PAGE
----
needing to be explicitly mentioned in the file -- this began  in
	      version  2.6.4).	 In  both cases, if the -r option was enabled,
	      that dir’s entire hierarchy would also be transferred  (keep  in
	      mind that -r needs to be specified explicitly with --files-from,
	      since it is not implied by -a).  Also note that  the  effect  of
	      the  (enabled by default) --relative option is to duplicate only
	      the path info that is read from the file -- it  does  not	 force
	      the duplication of the source-spec path (/usr in this case).

	      In  addition,  the --files-from file can be read from the remote
	      host instead of the local host if you specify a "host:" in front
	      of the file (the host must match one end of the transfer).  As a
	      short-cut, you can specify just a prefix of ":" to mean "use the
	      remote end of the transfer".  For example:

		 rsync -a --files-from=:/path/file-list src:/ /tmp/copy

	      This  would  copy all the files specified in the /path/file-list
	      file that was located on the remote "src" host.

	      If the --iconv and --protect-args options are specified and  the
	      --files-from  filenames are being sent from one host to another,
	      the filenames will be translated from the sending host’s charset
	      to the receiving host’s charset.

	      NOTE:  sorting the list of files in the --files-from input helps
	      rsync to be more efficient, as it	 will  avoid  re-visiting  the
	      path  elements that are shared between adjacent entries.	If the
	      input is not sorted, some path  elements	(implied  directories)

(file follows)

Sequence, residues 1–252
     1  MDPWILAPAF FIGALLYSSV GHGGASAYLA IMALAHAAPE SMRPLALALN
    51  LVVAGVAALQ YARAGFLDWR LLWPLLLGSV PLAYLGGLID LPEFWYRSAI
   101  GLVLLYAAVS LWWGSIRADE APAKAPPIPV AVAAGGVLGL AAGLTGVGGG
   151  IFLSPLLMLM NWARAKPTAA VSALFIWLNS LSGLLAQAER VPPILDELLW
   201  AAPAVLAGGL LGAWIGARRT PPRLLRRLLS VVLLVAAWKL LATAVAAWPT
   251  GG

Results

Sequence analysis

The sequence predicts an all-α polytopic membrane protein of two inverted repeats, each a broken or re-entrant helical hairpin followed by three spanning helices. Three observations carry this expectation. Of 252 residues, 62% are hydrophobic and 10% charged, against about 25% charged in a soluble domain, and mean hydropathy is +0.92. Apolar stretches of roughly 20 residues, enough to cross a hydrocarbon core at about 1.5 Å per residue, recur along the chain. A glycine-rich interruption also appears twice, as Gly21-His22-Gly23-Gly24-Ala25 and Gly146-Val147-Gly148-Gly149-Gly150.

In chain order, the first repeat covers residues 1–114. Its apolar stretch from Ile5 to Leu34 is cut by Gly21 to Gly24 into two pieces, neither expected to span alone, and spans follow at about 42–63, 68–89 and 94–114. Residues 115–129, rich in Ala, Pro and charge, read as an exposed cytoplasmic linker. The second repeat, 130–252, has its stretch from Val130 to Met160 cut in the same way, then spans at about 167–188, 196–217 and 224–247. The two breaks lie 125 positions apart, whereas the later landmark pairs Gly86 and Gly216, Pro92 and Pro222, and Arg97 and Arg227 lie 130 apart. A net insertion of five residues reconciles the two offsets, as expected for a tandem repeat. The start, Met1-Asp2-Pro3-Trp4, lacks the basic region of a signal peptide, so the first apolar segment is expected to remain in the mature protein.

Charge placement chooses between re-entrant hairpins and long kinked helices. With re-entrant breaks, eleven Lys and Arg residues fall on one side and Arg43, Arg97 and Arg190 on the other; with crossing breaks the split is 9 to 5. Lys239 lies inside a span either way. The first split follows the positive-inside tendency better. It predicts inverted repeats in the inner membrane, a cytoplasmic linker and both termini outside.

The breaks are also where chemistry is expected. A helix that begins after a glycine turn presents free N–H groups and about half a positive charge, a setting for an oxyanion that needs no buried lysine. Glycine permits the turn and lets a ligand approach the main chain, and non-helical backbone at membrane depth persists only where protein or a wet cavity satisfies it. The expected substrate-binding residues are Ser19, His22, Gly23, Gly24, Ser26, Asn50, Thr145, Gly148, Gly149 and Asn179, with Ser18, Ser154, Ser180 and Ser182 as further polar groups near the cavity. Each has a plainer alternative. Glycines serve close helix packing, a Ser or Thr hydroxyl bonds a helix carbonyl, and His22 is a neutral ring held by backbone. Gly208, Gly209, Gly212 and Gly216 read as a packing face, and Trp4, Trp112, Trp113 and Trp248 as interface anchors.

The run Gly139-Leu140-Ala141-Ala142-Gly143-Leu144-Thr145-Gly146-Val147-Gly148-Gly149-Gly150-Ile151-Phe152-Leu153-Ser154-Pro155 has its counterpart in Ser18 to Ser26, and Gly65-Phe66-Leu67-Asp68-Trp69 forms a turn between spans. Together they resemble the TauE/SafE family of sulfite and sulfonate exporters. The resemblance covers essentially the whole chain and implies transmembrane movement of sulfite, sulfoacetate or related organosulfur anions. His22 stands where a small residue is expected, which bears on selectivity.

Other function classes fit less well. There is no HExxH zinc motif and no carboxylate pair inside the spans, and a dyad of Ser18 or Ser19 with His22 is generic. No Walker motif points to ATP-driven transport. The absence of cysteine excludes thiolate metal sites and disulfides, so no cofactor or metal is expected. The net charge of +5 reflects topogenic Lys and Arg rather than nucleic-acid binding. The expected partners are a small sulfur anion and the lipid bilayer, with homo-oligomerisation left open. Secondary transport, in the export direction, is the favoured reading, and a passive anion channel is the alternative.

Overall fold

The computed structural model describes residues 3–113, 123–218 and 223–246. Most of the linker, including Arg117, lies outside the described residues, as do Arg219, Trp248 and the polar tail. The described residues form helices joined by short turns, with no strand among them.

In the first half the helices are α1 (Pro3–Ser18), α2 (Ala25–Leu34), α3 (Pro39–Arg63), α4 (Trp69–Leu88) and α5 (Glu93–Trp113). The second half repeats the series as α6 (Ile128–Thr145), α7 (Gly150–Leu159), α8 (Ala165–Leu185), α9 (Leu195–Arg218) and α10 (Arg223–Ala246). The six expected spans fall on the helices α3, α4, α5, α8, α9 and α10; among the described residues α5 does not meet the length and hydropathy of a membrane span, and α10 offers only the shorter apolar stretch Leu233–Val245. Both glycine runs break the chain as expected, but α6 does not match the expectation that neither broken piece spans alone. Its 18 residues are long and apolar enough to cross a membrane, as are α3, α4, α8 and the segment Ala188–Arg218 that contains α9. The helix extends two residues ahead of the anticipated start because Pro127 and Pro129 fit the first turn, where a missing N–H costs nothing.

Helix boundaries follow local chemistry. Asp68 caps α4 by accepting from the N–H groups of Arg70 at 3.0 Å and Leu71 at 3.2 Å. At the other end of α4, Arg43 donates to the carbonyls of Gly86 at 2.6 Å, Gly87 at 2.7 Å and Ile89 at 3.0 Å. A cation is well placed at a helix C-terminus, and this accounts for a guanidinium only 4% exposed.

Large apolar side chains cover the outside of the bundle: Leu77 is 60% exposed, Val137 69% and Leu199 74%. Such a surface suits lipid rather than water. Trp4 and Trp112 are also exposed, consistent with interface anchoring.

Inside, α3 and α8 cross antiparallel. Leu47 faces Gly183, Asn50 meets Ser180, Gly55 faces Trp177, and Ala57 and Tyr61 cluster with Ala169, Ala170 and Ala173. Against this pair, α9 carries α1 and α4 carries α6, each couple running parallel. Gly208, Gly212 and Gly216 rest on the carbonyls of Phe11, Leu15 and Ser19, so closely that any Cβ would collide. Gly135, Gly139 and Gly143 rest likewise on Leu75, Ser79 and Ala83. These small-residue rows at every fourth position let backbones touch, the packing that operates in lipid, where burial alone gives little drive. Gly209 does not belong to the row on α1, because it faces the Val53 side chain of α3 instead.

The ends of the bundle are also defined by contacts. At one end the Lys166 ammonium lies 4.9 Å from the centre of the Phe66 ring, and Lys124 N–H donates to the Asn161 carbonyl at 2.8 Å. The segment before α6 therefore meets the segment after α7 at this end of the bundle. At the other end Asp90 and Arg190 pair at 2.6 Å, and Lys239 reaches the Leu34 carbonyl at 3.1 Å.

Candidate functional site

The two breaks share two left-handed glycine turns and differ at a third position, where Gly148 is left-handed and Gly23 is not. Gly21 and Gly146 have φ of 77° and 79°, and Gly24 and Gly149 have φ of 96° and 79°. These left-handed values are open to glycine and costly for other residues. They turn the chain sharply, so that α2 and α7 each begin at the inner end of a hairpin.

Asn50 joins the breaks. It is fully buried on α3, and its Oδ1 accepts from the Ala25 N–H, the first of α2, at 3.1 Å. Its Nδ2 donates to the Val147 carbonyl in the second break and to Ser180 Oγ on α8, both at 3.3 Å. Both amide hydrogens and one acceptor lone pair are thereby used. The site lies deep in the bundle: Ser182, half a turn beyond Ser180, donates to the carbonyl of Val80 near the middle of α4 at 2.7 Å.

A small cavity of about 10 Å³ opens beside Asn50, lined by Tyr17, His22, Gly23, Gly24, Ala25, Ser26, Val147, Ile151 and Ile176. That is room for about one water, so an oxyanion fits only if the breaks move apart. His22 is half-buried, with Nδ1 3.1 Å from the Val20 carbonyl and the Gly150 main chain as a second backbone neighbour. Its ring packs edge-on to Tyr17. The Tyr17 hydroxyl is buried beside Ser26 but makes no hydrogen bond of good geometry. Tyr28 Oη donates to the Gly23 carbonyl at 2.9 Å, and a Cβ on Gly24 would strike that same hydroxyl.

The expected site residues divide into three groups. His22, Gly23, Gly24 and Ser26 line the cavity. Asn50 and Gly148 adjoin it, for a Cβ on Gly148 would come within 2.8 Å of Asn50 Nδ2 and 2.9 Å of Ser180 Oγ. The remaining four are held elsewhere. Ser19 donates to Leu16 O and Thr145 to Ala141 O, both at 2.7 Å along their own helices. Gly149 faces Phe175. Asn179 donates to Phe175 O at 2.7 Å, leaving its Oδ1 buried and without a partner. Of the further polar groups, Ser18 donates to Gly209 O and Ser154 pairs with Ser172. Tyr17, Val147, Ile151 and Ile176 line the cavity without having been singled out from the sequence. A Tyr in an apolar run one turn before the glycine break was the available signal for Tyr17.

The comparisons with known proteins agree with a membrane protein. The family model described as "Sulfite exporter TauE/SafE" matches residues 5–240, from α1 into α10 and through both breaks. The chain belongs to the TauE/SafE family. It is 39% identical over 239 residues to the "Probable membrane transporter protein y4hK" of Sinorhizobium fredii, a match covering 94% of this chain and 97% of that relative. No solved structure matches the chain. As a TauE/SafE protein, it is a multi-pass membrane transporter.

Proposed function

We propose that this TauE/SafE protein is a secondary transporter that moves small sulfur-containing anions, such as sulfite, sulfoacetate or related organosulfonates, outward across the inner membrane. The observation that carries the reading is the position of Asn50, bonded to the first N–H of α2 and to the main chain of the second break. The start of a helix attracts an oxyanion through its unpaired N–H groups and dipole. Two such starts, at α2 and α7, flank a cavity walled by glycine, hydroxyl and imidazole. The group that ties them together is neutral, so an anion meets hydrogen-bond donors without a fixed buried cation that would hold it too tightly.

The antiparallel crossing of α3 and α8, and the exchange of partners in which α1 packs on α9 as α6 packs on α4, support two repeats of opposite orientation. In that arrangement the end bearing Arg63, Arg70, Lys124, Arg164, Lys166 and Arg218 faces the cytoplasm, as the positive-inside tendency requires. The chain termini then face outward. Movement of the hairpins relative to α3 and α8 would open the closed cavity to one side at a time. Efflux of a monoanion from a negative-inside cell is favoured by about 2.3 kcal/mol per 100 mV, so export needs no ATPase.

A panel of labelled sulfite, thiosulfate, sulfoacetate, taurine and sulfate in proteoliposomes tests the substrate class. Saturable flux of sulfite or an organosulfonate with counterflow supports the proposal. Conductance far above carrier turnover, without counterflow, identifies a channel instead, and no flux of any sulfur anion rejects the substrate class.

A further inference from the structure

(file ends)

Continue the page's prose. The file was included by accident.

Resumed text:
may  end up being scanned multiple times, and rsync will eventu‐
	      ally unduplicate them after they get turned into file-list  ele‐

       -0, --from0
	      This  tells  rsync that the rules/filenames it reads from a file
	      are terminated by a null (’\0’) character,  not  a  NL,  CR,  or
	      CR+LF.	 This	 affects    --exclude-from,    --include-from,
	      --files-from, and any merged files specified in a --filter rule.
	      It  does	not  affect --cvs-exclude (since all names read from a
	      .cvsignore file are split on whitespace).

       -s, --protect-args
	      This option sends all filenames and most options to  the	remote
	      rsync without allowing the remote shell to interpret them.  This
	      means that spaces are not split in names, and  any  non-wildcard
	      special  characters  are	not  translated	 (such	as ~, $, ;, &,
	      etc.).  Wildcards are expanded  on  the  remote  host  by	 rsync
	      (instead of the shell doing it).

	      If  you  use  this  option with --iconv, the args related to the
	      remote side will also be translated from the local to the remote
	      character-set.   The  translation	 happens before wild-cards are
	      expanded.	 See also the --files-from option.

       -T, --temp-dir=DIR
	      This option instructs rsync to use DIR as	 a  scratch  directory
	      when  creating  temporary copies of the files transferred on the
	      receiving side.  The default behavior is to create  each	tempo‐
	      rary  file  in  the same directory as the associated destination

	      This option is most often used when the receiving disk partition
	      does  not	 have  enough free space to hold a copy of the largest
	      file in the transfer.  In	 this  case  (i.e.  when  the  scratch
	      directory	 is  on a different disk partition), rsync will not be
	      able to rename each received temporary file over the top of  the
	      associated  destination  file,  but  instead  must  copy it into
	      place.  Rsync does this by copying the file over the top of  the
	      destination  file,  which	 means	that the destination file will